Vouchers and Test Scores: What the Numbers Show


Vouchers and Test Scores: What the Numbers Show

Mar 11, 1999 2 min read

Policy Analyst


Do students who attend private schools under school-choice programs learn more and score higher on standardized tests than their public-school counterparts?

To answer this question, my colleagues and I are evaluating a school-choice pilot program in New York City financed privately by the School Choice Scholarships Foundation (SCSF).

In February 1997 the SCSF offered low-income public school students entering grades one through five a chance to win a $1,400 scholarship to help pay for a private school. More than 20,000 applications were received (90 percent from the families of Latino or African-American students), and the scholarships were awarded by lottery. All told, some 1,200 students received scholarships to attend roughly 225 private schools starting in the fall of 1997.

Because the SCSF awarded scholarships by lottery, it was possible to evaluate the pilot program using a scientific method regularly employed in medical research, the randomized field trial (RFT). In a medical RFT, one group is given a pill, the other a placebo. Individuals are assigned to one or another group at random. Researchers prefer this method because the test and control groups, on average, can be assumed to be similar. A school-choice RFT such as the New York City experiment thus neutralizes the charge made by some critics that private school students score higher on tests simply because they come from more motivated families. The use of a lottery assured that all families were equally motivated.

To estimate the effects of attending a private school, the mathematics and reading components of the Iowa Test of Basic Skills were administered to scholarship applicants in the spring of 1997 and again in the spring of 1998.

Each student's performance was given a national percentile ranking between 1 and 100. The national average is 50. The scores showed that the scholarship applicants were educationally disadvantaged: Overall, average test scores were below the 30th percentile. Results were collected from approximately 85 percent of the participants in the evaluation, an unusually high response rate from a low-income, inner-city population.

After one year, the national percentile ranking of students attending private schools was, on average, two points higher in reading and mathematics than that of the control group that remained in public schools. Differences were uneven in grades two and three, but the scholarship students in grades four and five achieved substantially higher scores-six percentile points in math, and four points in reading.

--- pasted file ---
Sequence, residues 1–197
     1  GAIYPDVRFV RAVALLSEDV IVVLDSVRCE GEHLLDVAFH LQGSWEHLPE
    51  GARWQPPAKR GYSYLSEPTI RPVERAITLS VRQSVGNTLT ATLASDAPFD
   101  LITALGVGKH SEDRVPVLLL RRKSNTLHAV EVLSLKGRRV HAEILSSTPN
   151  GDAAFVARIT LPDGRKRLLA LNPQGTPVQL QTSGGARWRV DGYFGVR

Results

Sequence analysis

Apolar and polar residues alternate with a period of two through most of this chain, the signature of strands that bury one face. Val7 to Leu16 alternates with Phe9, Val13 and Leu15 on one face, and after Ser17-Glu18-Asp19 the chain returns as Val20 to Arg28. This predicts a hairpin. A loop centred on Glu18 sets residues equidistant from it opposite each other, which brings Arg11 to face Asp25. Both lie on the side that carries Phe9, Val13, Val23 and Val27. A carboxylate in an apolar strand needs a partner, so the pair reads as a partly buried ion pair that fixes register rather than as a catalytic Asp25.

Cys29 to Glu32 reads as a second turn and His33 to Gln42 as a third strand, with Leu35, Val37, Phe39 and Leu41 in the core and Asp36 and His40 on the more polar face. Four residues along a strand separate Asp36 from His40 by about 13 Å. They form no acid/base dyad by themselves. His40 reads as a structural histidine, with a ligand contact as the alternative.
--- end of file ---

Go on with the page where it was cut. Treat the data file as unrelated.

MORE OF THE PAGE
When reporting these effects, Education Week termed them "modest," while The New York Times found them "slight." Whether these gains after one year are slight or substantial depends in part on what happens in later years. But there is reason to conclude that the effects of a private school education on the performance of students in their middle years is already sizable enough to merit careful consideration.

More to the point, these test scores are not a triviality, or a hobgoblin only of interest to academic researchers. Students who score higher on standardized tests are more likely to remain in school, more likely to achieve a college degree, more likely to remain married and avoid welfare dependency, and more likely to enjoy a higher family income.

If students in the New York City choice program simply hold the gains they have already achieved, one could expect their family income to be, on average, 4 percent higher than it otherwise would have been. Assuming a modest annual income of $30,000, that's an increase of $1,200 a year. If these estimates are reasonably accurate, the philanthropists in New York who funded the SCSF scholarships will realize an ample return on their charity dollar, once these students enter the labor force.

Of course, the findings from New York City are simply first-year results. But they tend to confirm findings from a wide variety of previous studies that used less definitive research methods. Our evaluation is scheduled to continue for two more years, and only time will tell whether the initial gains are maintained in the future. It also remains to be seen whether school choice, if generalized to a larger population, will yield comparable gains. But it does seem time to begin larger-scale experiments.

This essay by Paul E. Peterson, the Henry Lee Shattuck professor of government at Harvard University, is adapted from Policy Review, the magazine of The Heritage Foundation.

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